There's a good history of Robin Hood by Judy Cox (drawing on her excellent pamphlet) emphasising the class revolt and subversive aspect of the story, but sadly missing out on the 1950s British TV version, famously a vehicle for exiles from American TV McCarthyism.

On the backpage SW records the 6.5m vote for Heloisa Helena in Brazil. Sean Purdy has criticisms of the P-Sol campaign, its moralism and emphasis on Heloisa's personal qualities. He finishes with the need for honest and democratic discussion of the campaign and 'democratic structures'. Hmm, wonder where else that could be applied!
(Oct 13th: additionally I've just seen theYouTube footage of Alan Thornett speaking as the fraternal international representative of Socialist Resistance at the SSP conference refering with much applause to this article and the SWP drawing lesson about charismatic leaders and whether this came from expeience north or south of the border. Ho ho. see

And finally, there's a letter from East London accusing Dagenham MP Jon Cruddas of saying British workers are being undercut by migrant workers, a dangerous game that can only benefit the BNP. Hmm.

Sunday, October 01, 2006

Weekly Worker 642 Sept 28th 2006

This Weekly Worker breaks usual practice and has a cover devoted to something other than the far left: Tony Blair, 'Nine years of Blair'. This leads us to a centre-spread by Mike McNair devoted to a leftie booklet on 100 Years of Labour by LLB people Graham Bash and Andrew Fisher. McNair gives a good account of the booklet focussing on their debts to the Anderson-Nairn theory and an underestimation of the role of the 'old' CPGB as a precursor to stating the Weekly Worker line on uniting Marxists into a common party.

Elsewhere, Peter Manson reports on the Sept 23rd anti-war demo in Manchester. In contrast to the STWC/SWP count of 50-60,000 (but with a thing about participating at some point in the day), Manson says that from where he stood it took the demo 50 minutes to pass him and it wasn't going at 1,000 people a minute. Instead he plumps for a BBC estimate of 'up to 20,000'. I'm sticking to my 35,000. Manson does take issue with the STWC taking credit for Blair's premature departure (not as premature as promised!), while accepting that the (wider) 'movement' is responsible for forcing Blair to go and that STW has played a major part in maintaining anti-Blair sentiment. But his deeper criticisms are those of the CPGB line, that STW has been a political failure, emphasising broadness rather than political clarity. I'm not convinced, CPGB just providing a recipe for a much smaller and much more abstract movement. However the call for 'a realsitic assessment of the antiwar movement's strengths and weaknesses' is always welcome. I thought that the anti-war march was a political failure, which always poses the question, what next. Manson does also give an account of a bit of heckling by someone from the Worker-Communist Party of Iran. Nothing about the Sunday conference.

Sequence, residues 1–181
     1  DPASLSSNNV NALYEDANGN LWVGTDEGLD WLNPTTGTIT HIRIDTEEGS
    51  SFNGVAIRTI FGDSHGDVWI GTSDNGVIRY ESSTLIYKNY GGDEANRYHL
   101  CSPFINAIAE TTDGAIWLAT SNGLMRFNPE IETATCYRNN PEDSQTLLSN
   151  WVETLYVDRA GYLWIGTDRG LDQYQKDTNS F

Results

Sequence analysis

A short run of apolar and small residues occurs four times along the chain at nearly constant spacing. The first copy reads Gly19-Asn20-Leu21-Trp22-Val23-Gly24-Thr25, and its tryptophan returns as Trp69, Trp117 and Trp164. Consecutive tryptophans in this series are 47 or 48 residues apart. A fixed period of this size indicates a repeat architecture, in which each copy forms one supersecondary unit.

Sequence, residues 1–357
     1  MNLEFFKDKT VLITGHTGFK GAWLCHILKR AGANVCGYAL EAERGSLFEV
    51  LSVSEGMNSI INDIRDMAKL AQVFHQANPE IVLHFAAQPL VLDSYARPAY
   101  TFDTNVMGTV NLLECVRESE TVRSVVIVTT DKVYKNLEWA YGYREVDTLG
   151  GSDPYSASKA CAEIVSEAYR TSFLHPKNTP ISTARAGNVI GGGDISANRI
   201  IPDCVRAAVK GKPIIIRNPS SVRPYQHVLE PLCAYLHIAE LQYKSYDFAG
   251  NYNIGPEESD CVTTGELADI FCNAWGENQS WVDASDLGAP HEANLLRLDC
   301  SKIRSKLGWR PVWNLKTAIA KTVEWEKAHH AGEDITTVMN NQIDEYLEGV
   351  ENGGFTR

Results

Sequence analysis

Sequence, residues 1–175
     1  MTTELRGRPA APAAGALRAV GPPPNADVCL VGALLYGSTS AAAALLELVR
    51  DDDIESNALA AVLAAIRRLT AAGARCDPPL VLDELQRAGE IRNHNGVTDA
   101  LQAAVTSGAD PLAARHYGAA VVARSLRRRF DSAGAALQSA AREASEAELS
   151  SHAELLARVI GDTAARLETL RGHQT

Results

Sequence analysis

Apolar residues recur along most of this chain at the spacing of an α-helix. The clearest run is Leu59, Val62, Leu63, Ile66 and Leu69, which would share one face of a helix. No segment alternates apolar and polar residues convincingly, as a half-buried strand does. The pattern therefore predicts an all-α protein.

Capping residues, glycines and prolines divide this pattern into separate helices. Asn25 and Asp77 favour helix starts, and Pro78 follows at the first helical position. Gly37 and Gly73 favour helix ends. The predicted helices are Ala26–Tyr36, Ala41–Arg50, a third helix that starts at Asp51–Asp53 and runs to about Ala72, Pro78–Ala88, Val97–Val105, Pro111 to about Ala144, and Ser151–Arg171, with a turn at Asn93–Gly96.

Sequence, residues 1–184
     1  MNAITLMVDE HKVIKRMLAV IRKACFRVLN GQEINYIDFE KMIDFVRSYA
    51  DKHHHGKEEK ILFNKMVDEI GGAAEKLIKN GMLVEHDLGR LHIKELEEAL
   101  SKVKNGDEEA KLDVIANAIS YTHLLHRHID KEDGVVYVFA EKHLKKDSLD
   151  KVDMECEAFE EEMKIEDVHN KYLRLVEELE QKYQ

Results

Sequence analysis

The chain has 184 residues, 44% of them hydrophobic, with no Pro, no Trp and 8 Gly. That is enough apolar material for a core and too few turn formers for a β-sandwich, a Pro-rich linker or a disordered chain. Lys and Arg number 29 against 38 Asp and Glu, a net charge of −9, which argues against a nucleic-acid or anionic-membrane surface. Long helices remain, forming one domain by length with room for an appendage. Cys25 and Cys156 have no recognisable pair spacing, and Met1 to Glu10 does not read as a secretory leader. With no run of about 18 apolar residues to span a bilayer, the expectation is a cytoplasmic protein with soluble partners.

Graham Bash himself says 'Build support for McDonnell', which starts with John McDonnell making the speech of his life at the LRC fringe meeeting. McDonnell has to get the support of 44 MPs, but that formal campaign hasn't started. In the meantime he's running a grassroots campaign. Long way to go.

Chris Knight on 'The science of Marxism' is typically over-blown, but usefully poses a critique by Karl Wittfogel from 1953, which it seems cited partiinost from Lenin to Stalin to justify 'bending' science, falsifying data, to render it suitable for political use, but acquits Marx himself of this distortion. Knight's conclusion: a scientific revolution is validated in theory before passing the final test of practice. But there's another episode to come.

Ted North on Communist students : 'A good beginning' (for such a tiny group of people).

Simon Wells (nice young man expelled with little finesse or politics from the SWP as amply documented in Weekly Worker) on the Al Gore film An Inconvenient Truth, ends up a contrast between the (generally) unsatisfactory SWP approach and the need for a CP. Bless.